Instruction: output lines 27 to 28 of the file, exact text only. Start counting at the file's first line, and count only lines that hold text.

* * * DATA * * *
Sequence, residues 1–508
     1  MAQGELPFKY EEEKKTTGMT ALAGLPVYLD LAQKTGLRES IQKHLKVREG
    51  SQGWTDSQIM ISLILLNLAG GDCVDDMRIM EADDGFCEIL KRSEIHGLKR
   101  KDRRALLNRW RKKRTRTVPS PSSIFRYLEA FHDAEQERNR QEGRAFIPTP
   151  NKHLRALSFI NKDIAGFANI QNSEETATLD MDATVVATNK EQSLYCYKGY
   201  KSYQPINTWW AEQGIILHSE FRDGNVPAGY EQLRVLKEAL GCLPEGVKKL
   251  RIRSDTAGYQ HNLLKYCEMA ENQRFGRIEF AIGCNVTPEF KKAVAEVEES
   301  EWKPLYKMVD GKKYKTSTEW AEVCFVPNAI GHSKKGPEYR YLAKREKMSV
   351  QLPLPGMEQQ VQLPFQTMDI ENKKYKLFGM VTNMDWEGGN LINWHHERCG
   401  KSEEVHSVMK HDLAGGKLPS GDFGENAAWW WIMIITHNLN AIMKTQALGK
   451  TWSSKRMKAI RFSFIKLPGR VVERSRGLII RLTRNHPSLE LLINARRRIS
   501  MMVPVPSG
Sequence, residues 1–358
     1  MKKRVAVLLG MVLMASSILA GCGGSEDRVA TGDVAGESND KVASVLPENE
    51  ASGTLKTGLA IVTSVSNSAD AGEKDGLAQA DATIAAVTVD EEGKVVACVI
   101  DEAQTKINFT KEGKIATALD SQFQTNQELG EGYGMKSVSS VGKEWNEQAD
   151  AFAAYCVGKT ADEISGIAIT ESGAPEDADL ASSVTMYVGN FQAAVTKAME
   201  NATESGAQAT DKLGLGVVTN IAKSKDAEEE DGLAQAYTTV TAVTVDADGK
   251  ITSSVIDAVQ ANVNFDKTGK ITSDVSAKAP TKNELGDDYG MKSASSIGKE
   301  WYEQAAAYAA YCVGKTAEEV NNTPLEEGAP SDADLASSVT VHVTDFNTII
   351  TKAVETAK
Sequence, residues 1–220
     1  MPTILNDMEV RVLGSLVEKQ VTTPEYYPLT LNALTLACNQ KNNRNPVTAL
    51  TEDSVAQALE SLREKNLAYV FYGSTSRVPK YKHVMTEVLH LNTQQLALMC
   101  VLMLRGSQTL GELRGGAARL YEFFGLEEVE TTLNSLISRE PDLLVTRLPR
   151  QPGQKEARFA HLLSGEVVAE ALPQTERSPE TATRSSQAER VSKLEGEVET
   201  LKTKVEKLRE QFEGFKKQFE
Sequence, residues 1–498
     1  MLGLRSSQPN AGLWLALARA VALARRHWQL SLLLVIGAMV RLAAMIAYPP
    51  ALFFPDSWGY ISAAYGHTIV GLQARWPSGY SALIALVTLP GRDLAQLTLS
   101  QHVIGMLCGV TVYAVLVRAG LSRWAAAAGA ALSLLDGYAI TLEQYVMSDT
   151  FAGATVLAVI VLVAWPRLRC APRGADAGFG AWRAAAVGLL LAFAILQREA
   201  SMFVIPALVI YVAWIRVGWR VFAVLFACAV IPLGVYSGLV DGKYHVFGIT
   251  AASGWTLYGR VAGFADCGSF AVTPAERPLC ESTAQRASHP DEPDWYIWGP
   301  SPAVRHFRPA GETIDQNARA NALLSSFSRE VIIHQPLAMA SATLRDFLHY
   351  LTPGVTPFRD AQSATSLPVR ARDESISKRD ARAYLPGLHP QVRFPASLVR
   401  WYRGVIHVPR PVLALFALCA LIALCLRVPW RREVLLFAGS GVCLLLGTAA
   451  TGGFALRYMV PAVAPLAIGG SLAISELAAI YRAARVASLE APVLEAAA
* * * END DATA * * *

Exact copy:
   201  LKTKVEKLRE QFEGFKKQFE
Sequence, residues 1–498